The Power of Villains

Villains, as depicted by a slithering Moray Eel

We tend to remember the heroes of the movies we watch and the stories we read. We all want to be John McClane, Luke Skywalker, or Clarice Starling. But really, those heroes are only half of the equation.

What makes them heroes?

In Die Hard, John McClane is trapped in Nakatomi Plaza, fighting a group of terrorists, until he finally confronts and defeats their leader Hans Grüber and saves his wife. In a moment for the books, he drops Grüber down the side of the building.

Luke Skywalker flees his home planet and join the rebels fighting the evil empire in Star Wars. He confronts the evil Darth Vader several times, only to learn Darth Vader is his father! Then, in a climactic showdown, Luke turns his father back from the dark side and they manage to kill the Emperor.

In Silence of the Lambs, Clarice is an FBI looking for a serial killer Buffalo Bill. She turns to another criminal, Hannibal Lecter, known as Hannibal the Cannibal. In the end, she manages to find Buffalo Bill and manages to kill him before he can kill her. Lecter, meanwhile, escapes.

So, when we look at the heroes above, there is one important conclusion: they stick in our minds in large part because of the villains they face.

Epic Villains: Hans Grüber

Alan Rickman was a brilliant actor. He made numerous roles come to life, and Hans Grüber was one of them. The brilliance of Die Hard is in part that John McClane has a lot of agency, and the story manages to raise the stakes while making John very sympathetic, but also a hero. Grüber is the other side of that coin. Grüber has a brilliant plan, and John is the only one able to stand in his way. A less formidable Grüber would have made for a less formidable John McClane.

Grüber is also very human, interested in money, and he does not fall into the trap of the psycho boss. He doesn’t kill his underlings, but leads them because he is a good leader. Finally, Grüber is also human, has a sense of humor, and we even see him joining forces with John for a while, and in the end, Grüber drags John’s wife into it, making things intensely personal.

Epic Villains: Darth Vader

Everybody knows Darth Vader. What I mostly remember from visiting Las Vegas in the late nineties is posing next to the Darth Vader suit from Return of the Jedi, which was there at the time. Darth Vader has a very memorable appearance, and a very memorable voice (go James Earl Jones).

But that’s not all. Vader is a very ruthless villain, who is both very powerful, in full control of the powers that Luke is trying to master, but also Luke’s father. The Empire Strikes Back is such a brilliant movie, because it slowly builds up a terrible villain in Darth Vader. Vader ruthlessly hunts Han Solo and Leia, then proceeds to torture Solo to draw Luke out. When Luke confronts Vader he believes him to be utterly evil, only to learn that Vader is in fact his father. Vader offers Luke the galaxy.

Epic villains: Hannibal Lecter

Hannibal is not really the villain in Silence of the Lambs. That’s Buffalo Bill. He is a kind of mentor to Clarice. At the start of the movie, Clarice is good, but it is only under Hannibal’s guidance that she reaches her full potential. He continually cuts through her evasions or waffling, and pushes her to find Buffalo Bill.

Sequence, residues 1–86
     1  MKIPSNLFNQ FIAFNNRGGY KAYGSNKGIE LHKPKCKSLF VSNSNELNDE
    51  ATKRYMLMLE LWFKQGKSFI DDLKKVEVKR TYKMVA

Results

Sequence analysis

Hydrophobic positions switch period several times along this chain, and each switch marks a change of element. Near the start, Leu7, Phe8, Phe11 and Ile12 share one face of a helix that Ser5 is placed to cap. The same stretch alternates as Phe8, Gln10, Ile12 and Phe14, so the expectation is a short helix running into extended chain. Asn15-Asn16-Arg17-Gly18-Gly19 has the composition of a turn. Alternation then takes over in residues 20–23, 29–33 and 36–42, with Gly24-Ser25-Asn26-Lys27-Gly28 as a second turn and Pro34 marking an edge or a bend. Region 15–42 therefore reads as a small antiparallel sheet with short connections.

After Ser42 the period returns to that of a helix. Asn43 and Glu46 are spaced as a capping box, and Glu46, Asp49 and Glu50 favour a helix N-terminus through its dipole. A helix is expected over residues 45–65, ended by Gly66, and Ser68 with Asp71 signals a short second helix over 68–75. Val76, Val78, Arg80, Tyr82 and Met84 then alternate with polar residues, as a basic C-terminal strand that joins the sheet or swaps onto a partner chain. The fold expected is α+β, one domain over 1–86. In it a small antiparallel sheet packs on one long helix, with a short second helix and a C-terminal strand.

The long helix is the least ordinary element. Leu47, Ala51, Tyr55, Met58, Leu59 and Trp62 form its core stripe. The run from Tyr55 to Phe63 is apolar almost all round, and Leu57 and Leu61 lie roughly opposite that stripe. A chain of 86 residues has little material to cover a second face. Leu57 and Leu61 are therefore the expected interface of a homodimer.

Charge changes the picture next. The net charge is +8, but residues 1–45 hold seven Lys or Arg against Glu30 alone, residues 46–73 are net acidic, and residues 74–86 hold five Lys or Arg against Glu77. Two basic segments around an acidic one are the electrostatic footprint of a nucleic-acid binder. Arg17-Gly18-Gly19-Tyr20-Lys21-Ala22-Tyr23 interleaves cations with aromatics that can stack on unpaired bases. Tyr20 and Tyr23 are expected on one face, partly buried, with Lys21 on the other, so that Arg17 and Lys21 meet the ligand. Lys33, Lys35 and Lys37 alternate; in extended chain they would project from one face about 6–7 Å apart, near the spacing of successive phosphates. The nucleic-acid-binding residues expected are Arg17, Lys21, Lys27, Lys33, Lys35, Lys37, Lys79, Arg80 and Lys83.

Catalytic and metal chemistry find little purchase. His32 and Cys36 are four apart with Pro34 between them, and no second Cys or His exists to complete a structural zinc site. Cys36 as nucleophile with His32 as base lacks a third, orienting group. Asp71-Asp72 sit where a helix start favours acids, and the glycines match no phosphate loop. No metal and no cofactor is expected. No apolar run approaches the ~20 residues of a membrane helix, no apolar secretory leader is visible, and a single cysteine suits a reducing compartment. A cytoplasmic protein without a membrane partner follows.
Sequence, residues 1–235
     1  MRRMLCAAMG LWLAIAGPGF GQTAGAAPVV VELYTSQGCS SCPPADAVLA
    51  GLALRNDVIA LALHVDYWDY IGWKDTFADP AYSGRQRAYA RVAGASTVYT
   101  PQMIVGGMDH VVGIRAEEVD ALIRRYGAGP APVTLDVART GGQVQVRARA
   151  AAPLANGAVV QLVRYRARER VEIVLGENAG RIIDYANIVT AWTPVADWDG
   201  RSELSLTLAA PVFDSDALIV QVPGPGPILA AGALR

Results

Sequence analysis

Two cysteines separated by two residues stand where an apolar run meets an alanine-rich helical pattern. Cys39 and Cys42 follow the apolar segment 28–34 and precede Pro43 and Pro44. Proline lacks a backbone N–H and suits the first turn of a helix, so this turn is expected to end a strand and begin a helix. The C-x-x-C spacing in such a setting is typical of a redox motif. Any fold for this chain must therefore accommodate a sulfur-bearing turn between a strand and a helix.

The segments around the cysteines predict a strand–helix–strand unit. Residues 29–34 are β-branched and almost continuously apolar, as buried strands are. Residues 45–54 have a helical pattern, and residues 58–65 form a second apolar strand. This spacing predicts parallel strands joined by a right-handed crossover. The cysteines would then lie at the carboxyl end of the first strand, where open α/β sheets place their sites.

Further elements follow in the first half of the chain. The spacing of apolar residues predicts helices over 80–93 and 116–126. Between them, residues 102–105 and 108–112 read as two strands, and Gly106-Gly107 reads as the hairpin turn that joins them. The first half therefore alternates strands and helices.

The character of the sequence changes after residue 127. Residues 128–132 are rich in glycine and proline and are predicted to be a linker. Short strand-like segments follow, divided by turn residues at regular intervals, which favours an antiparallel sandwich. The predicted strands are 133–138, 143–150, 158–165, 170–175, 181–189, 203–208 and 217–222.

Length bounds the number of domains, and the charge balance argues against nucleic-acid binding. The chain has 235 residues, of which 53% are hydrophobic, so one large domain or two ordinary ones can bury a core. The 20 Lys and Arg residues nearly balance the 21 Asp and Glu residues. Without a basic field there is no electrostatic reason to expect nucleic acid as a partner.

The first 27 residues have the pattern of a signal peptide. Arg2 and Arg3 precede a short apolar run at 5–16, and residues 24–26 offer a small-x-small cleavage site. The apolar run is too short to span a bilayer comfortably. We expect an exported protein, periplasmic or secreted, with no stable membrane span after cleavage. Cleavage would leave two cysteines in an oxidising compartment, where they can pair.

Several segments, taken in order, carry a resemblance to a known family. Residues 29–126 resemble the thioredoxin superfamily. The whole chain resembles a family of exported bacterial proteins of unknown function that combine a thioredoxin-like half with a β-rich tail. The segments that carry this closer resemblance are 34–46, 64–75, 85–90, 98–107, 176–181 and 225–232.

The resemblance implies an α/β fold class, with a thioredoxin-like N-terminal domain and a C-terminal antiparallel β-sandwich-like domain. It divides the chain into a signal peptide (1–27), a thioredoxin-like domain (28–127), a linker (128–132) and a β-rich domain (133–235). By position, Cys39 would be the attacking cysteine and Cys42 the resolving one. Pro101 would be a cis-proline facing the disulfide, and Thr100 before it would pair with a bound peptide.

Without Hannibal, Clarice would have never found Buffalo Bill, even if she did have all the clues already. Moreover, the movie would have been boring without it. Heck, most of us will remember the scene in the hotel when Hannibal escapes much better than the actual confrontation between Clarice and Buffalo Bill (and that may be for the good, given Buffalo Bill is a textbook villain born of transphobia).

Hannibal is such a scary villain because he is both a cannibalistic serial killer and an intelligent, cultured man. He’s not even the real villain in the movie, and helps Clarice repeatedly. This is even more profound in the Hannibal series with Mads Mikkelsen.

What makes good villains?

Part of this is making the villains the heroes of their own stories. Since I already an entire post on that subject, today I want to focus on another aspect. Having a good villain is good, but not enough. The villain needs to fit the story, and support the arc of the hero.

That’s right, the villain usually opposes the hero every step of the way, but that is by design. The villain has an important role to play. Imagine all the above stories without the villain. John McClane fighting a group of nameless terrorists. Luke fighting the Empire without Darth Vader at the wheel. Clarice looking for Buffalo Bill all by herself. All of those stories would be worse off.

The consequence of this is that the villain has to match the hero’s arc. You can’t just take any good villain and put them in a story. Imagine John McClane talking to Hannibal Lecter for support instead of Sergeant Powell; that would have made for a very, very different story. The same goes for a man like Hans Gruber leading the Empire.

That’s not to say those alternatives couldn’t be cool stories in their own right. The point is, your villain has to match your story. Hannibal Lecter advising Luke would not have made for the best of stories. However, imagine how cool the Star Wars prequels would have been if Senator Palpatine had been more like Hannibal Lecter. The Hannibal TV show, with the main character seeking advise from a renowned psychiatrist who turns out to be manipulating psycho, is exactly what the prequels would have needed.

Conclusion

In short, good villains can make or break a story. They are as important as the hero, and they need to match the hero to build the story.

Martin Stellinga Written by:

I'm a science fiction and fantasy writer from the Netherlands

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